Etymology
Advertisement

stool (n.)

Old English stol "seat for one person," from Proto-Germanic *stōla- (source also of Old Frisian stol, Old Norse stoll, Old High German stuol, German Stuhl "seat," Gothic stols "high seat, throne"), from PIE *sta-lo-, locative of root *sta- "to stand, make or be firm."(source also of Lithuanian pa-stolas "stand," Old Church Slavonic stolu "stool").

Originally used of thrones (as in cynestol "royal seat, throne"); decline in sense began with adoption of chair (n.) from French, which relegated stool to small seats without arms or backs, then to "privy" (early 15c.) and thence to "bowel movement" (1530s).

Others are reading

Advertisement
Advertisement
Definitions of stool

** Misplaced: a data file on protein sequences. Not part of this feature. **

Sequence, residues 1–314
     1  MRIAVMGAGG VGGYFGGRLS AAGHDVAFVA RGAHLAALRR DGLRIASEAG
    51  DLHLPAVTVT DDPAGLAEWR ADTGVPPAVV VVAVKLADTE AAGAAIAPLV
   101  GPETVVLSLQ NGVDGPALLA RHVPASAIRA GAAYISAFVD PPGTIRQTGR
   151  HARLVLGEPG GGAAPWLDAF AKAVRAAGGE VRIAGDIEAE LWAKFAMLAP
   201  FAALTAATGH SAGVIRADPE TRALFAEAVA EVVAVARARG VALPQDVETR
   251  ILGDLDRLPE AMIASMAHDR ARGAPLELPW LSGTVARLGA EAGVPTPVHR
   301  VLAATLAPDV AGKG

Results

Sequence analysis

1
stool (v.)
lure with a stool, as of wild fowl;
stool (v.)
react to a decoy, of wildfowl;
stool (v.)
grow shoots in the form of stools or tillers;
Synonyms: tiller
stool (v.)
have a bowel movement;
Synonyms: defecate / shit / take a shit / take a crap / ca-ca / crap / make
2
stool (n.)
a simple seat without a back or arms;
stool (n.)
solid excretory product evacuated from the bowels;
Synonyms: fecal matter / faecal matter / feces / faeces / bm / ordure / dejection
stool (n.)
(forestry) the stump of a tree that has been felled or headed for the production of saplings;
stool (n.)
a plumbing fixture for defecation and urination;
Synonyms: toilet / can / commode / crapper / pot / potty / throne
From wordnet.princeton.edu